ACE Copper Distillery
The ACE Copper Distillery is located at the Dead Sea, which is a salty lake that borders Israel, Jordan, and the West Bank. It holds the record for being the lowest land elevation on Earth, sitting approximately 1,385 feet below sea level. You cannot go any lower without sinking into the sea. The Milk & Honey Distillery in Tel Aviv is taking advantage of this unique location to explore the effects of low altitude on aged whisky.
“The extreme location is our strength,” says Tomer Goren, the Head Distiller at Milk & Honey. “We’re trying to make the most of this opportunity.”
Terroir, loosely defined as the characteristics of a specific place, has become an important aspect of spirit production. There is a growing focus on the cultivation of raw materials and the aging process in barrels. However, altitude has not received much attention until recently. That may change as more producers experiment with the effects of extreme altitudes, both high and low, in creating spirits.
According to experts, the impact of altitude can be particularly significant when it comes to barrel aging.
“Barrel aging, in general, holds a lot of mystery and magic,” says Karen Hoskin, the founder and owner of Montanya Distillers, a rum distillery located in the Colorado mountains at an elevation of 8,800 feet above sea level. “For me, being at a high elevation, one of the factors that affect the flavor profile development in a barrel is the penetration of the liquid into the wood.”
However, Hoskin points out that elevation alone is not enough. It also affects temperature, barometric pressure, and humidity.
“Temperature fluctuation had the biggest effect on Montanya,” says Hoskin. Her rackhouse in Colorado experiences a 20°F temperature difference between day and night, as well as significant variations between summer and winter.
The expansion and contraction of wood pores due to heat and cold influence the interaction between rum and oak, resulting in faster flavor development. Hoskin describes this kinetic process as dynamic aging. Some distillers attempt to simulate this effect by agitating barrels to increase liquid-wood contact.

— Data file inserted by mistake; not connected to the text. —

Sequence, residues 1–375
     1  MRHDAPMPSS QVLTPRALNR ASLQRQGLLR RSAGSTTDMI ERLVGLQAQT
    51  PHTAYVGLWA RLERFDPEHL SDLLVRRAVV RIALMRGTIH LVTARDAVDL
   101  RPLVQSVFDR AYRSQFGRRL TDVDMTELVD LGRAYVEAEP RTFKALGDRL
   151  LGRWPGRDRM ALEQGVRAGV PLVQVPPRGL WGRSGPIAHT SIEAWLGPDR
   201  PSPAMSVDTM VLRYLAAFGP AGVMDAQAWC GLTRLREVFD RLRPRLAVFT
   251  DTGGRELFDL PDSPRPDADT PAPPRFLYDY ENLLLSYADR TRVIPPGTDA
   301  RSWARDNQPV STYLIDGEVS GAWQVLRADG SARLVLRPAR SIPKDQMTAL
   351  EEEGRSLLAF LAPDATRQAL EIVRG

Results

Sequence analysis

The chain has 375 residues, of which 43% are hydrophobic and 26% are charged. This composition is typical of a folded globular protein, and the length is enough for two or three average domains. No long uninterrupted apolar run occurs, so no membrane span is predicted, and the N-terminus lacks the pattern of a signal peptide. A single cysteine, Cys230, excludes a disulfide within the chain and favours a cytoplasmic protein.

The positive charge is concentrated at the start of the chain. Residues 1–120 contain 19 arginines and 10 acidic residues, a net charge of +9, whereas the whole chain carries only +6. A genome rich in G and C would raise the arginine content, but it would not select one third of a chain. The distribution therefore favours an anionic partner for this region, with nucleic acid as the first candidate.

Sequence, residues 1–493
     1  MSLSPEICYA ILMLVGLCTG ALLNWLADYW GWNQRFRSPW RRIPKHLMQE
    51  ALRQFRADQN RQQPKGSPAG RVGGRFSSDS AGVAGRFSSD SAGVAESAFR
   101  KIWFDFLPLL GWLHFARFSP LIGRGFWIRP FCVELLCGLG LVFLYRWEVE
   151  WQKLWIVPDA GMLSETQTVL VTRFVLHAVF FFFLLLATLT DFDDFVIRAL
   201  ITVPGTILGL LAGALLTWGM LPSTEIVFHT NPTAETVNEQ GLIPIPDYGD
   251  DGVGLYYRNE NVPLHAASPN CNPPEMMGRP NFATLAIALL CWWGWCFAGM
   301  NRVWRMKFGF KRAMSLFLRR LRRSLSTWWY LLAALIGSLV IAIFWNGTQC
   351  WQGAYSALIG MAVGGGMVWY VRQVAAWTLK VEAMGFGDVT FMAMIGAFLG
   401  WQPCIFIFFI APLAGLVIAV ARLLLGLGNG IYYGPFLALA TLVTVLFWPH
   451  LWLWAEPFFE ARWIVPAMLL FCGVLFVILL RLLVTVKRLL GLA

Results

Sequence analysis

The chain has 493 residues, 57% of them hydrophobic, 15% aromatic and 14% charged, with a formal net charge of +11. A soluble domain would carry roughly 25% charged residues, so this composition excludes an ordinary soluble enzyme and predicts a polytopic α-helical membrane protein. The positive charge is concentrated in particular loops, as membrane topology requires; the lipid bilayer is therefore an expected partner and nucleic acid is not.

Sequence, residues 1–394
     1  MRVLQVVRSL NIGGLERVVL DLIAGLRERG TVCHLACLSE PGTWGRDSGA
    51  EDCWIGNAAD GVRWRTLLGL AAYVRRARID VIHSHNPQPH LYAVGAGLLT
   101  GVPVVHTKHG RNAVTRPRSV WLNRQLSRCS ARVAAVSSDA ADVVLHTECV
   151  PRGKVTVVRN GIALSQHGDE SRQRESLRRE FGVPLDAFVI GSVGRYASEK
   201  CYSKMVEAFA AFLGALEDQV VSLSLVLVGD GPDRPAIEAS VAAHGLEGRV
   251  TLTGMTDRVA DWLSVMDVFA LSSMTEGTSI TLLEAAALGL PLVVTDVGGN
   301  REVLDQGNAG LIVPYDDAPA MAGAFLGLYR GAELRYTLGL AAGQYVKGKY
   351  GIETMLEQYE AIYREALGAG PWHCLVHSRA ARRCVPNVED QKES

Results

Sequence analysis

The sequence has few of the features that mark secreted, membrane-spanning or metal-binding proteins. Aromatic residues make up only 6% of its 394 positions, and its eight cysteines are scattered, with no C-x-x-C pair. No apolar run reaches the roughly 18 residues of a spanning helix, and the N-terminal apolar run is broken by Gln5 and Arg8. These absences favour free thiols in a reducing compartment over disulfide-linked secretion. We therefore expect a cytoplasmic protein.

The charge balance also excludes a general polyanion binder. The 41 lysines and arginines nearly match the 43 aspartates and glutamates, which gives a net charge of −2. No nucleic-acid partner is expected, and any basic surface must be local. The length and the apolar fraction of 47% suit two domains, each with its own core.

Such temperature variations are less common in rum production in the Caribbean, where temperatures tend to remain stable.
“In some cases, at sea level, you put rum in a barrel, and after that, nothing changes,” says Hoskin. “There’s not much dynamic action going on.”
Hoskin also notes that different temperatures, humidity levels, and climatic conditions near the ocean produce different substances from oak, which can influence the flavor of the final spirit. For example, her casks produce sweeter aromas like vanillin and sucrose, while casks in the Caribbean may yield more fruity notes.
Altitude can also affect the alcohol content of spirits. “At my altitude, most of the water evaporates, so the alcohol level in my barrel increases,” says Hoskin. In a wetter environment at sea level, ethanol is more likely to evaporate, leading to a lower alcohol concentration. “You’re just losing your booze,” she adds.
Other distilleries are also curious about how different climates and elevations impact the aging process. Mitchael Mahar, a distiller, and Meghan Ireland, a blender at WhistlePig Distillery, embarked on a cross-country journey to study the effects of aging whiskey under various conditions.
To conduct their experiment, they filled 80 used barrels from Jordan Winery with rye whiskey. The barrels were then transported along Route 66, through the Arizona deserts, to southern California. There, the whiskey was transferred to barrels previously used for Firestone Walker beer. The journey continued through flatlands and the Colorado Rockies before returning to Vermont, where the distillery is located.
While it’s challenging to isolate the impact of elevation on the final “road trip whiskey,” the resulting rye had a distinct fruity and bright character, with hints of baked pear, almond, and spice.
“With Roadstock, we knew that barrel aging would involve many factors,” says Ireland. “During the journey, the whiskey was agitated a lot. And there were altitude changes: passing through higher elevations, drier climates, which affected how the whiskey interacted with the barrel. We also experienced significant temperature differences during the drive from Vermont to California and back.”
So far, there have been limited studies comparing the effects of altitude on spirits. It remains a largely experimental concept.
That’s why empirical evidence discovered by producers like Milk & Honey is so exciting. They recently released a whisky called Apex Dead Sea, an intense variation of their flagship single malt that was aged on a hotel rooftop located on the arid desert coast of the Dead Sea. The distillery is also working with “comparative casks,” identical single malts aged at two different locations: their facility in Tel Aviv (16 feet above sea level) and the Dead Sea project (1,385 feet below sea level). The difference between the two versions is immediately noticeable: the Dead Sea-aged whisky is darker, murkier, less honeyed, with an herbaceous quality, more pronounced oak notes, and muted spice tones.
There are more elevation-centric terroir experiments on the horizon.
“We’re exploring different places,” says Goren. “I’m excited to continue our geographical experiments with the Sea of Galilee and the Jerusalem Mountains.”